I'm just in awe of her - I truly couldn't put this book down!
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This is the story of  Lara Prior-Palmer, Lucinda’s niece, who applied to ride in the 1000 kilometer Mongol Derby on a whim. I was surprised to read that Lara didn’t come from a horse loving household, in fact, her father disliked horses intensely and the family were mainly city dwellers. The race had an exorbitant fee attached to it and at just nineteen years old, Lara didn’t have the funds to pay. However, as I would learn many, many times in this book, obstacles do not deter Lara.

The descriptions of the Mongolian landscape and the physical and mental endurance required are told in exquisite, almost poetic detail. I loved the short chapters and Lara’s modest, witty and understated way of recounting what was an incredible achievement.

I felt that race organisers, fellow participants, and even some family members lacked faith in Lara’s ability and expected her to drop out after a few days. She herself admits that she had entered the race with almost no training and little preparation. However, critics could not have known the depth of this young girl’s steely determination.

There is just one thing that bothered me a little about Rough Magic. I would have enjoyed the book more if the author had not revealed the result of the race right at the start of the book. I just feel that it would have added suspense and excitement if I was unaware of the outcome.

Lara has written not just about an amazing horse race but a beautiful, spiritual memoir set in a country that few people know about. She proves that not only is she a fine horsewoman but an incredibly talented author too.

Horse lovers, travellers, and adventurers will adore this book.
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The Mongol Derby is touted as the world's most challenging horse race. Carried out over 1000km and 25 legs (with 25 different horses), 30 participants compete across the wild landscape of Mongolia in a gruelling feat of endurance.

Lara Prior-Palmer entered the competition on a whim in 2013, having finished school and with no travel plans (or sponsor) and ended up participating in the race as the youngest ever participant at 19 years old.

The style and short, snappy chapters of this memoir mimic the rapid pace of the race itself. 3 stars only because the story felt a bit stretched out and thin in places.
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A fascinating story! Lara Prior-Palmer enters the world's toughtest horse race, across the Mongolian steppes on wild horses, on a whim. She has had no training, no experience, and no equipment. Great memoir and some fascinating insight into Mongolian life and culture.
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I give this book 3*. It's a book which contains everything I love, horses, travel and adventure.Some excellent descriptive passages of the Mongolian landscape and a good recount of riding in the world's toughest horse race. Some lovely prose and a good insight into the feelings of Lara throughout her journey. One for horse lovers. Thanks to Net Galley for my ARC. Reviews on Goodreads and Facebook.
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Given Ms Prior-Palmer's self-deprecation of her performance in school, you don't really expect such a wonderfully descriptive, and achingly evocative narrative.  Lara enters the world's toughest horse race on a whim, as she seems to do most things in her short life. Her fellow competitors have been preparing for a year, she barely has a month. She's not even a born horsewoman, although she has ridden a bit, at weekends when down at the cottage they have near her famous aunt (who's away half the time). So preparation to ride 8 hours a day for two weeks is not founded on a secure base.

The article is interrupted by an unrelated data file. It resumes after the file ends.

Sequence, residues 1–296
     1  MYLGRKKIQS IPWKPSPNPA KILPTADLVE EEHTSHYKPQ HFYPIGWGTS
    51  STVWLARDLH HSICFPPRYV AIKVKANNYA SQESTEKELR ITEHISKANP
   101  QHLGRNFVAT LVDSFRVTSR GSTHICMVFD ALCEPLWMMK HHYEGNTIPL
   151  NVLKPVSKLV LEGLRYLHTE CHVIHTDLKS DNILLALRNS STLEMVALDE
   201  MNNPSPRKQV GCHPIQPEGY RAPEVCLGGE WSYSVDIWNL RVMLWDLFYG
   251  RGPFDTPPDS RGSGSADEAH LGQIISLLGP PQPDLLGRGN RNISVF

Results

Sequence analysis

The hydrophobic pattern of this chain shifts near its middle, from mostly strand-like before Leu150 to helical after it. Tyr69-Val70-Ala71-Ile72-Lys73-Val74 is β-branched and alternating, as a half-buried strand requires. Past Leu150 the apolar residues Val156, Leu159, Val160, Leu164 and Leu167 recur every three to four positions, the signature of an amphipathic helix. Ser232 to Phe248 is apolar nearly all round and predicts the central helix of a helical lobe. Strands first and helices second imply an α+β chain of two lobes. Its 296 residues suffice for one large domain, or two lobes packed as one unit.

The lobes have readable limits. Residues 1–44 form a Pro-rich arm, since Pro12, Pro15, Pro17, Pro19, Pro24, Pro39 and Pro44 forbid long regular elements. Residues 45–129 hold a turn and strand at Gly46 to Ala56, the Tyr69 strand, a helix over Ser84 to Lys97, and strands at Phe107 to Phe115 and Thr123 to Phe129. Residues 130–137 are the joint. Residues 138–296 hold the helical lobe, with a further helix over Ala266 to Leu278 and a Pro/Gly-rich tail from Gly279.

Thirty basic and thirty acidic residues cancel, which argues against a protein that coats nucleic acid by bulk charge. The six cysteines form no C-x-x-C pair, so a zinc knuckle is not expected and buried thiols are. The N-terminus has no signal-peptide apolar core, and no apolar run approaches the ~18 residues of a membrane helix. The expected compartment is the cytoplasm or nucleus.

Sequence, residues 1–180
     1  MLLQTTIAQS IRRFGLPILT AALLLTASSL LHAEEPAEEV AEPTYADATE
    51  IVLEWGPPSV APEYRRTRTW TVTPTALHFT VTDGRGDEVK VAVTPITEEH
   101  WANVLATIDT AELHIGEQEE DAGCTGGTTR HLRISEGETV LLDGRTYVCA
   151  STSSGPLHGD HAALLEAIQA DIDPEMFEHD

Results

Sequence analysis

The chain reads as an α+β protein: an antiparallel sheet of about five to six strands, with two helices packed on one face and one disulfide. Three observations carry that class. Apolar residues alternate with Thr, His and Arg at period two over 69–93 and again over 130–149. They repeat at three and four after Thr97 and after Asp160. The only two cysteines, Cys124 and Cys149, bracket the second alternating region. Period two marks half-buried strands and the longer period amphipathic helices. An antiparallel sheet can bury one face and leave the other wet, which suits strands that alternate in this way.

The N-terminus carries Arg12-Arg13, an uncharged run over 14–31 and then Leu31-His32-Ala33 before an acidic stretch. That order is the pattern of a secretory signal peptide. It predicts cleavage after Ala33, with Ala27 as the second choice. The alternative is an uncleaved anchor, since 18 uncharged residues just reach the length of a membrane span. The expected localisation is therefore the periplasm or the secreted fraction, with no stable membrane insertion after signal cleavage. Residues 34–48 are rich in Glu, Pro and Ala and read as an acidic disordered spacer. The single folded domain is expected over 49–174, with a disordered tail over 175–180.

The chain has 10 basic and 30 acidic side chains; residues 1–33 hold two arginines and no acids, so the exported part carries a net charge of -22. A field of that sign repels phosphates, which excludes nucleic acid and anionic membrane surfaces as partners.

She combines the unfolding of the race itself with flashbacks of her past, and anecdotes about other people, or writings from Mongolians authors and poets.  It's a charming combination, and it works.

Oh, how it works! I can't recall any other book where I've highlighted so many gorgeous turns of phrase.

For example:

+ I can't rid myself of the sensation I'm about to fall off the world, as you might fall off the back of a treadmill

+ This feels to me like some place across the river, across the boundary—not the middle of nowhere but the centre of old dreams and unthought-of ideas

+ I'm an anyone, just like everyone, living out my days in the nooks and crannies between the labels, appearing as someone different to each person I know

+ The light has spread her pre-dark colours, those shades of dusk that match the temperature of dreams

She has a talent for bringing landscape to life on the page like no other I've read. I think the secret of her success is: she lives in the moment. She goes with the flow.  She understands the flow.  Lara is aware of her surroundings, both in the race and at home, whatever forward or back motion it brings. It seems to suit the half-tamed Mongolian horses (about the size of Shetland ponies), and their owners, who recognise her ability to blend with them.  We are treated to pictures of the rest of the competitors; the most hardened, experienced and focused of them is probably least in tune with either their surroundings or the horses.

Even the food is interesting. I'm glad I didn't have to eat it.

Magical, brilliant, evocative. It's compulsive reading for travellers, lovers of wild spaces, and horse-lovers. Maybe not for gourmands.

And I particularly like the inclusion of some recommended reading by Mongolian authors.
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Lara Prior Palmer's momentous journey to Mongolia is captured in this wonderfully humorous autobiography, in which she enters one of the most difficult horse riding competitions in the world. 

With very little experience, the teenage Prior-Palmer tests herself to the extreme, crossing 1000km through the desolate steppes. Through intense heat, and at times battling illness, Prior-Palmer seems to surprise all, making this literary marvel a tale of real fortitude, sheer grit and a woman's journey facing herself. I thoroughly enjoyed this unexpected book.
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Fascinating idea to do an endurance horse race in Mongolia - esp at such a young age.  The author is interesting and engagingly self-effacing but the book overall felt a little thin.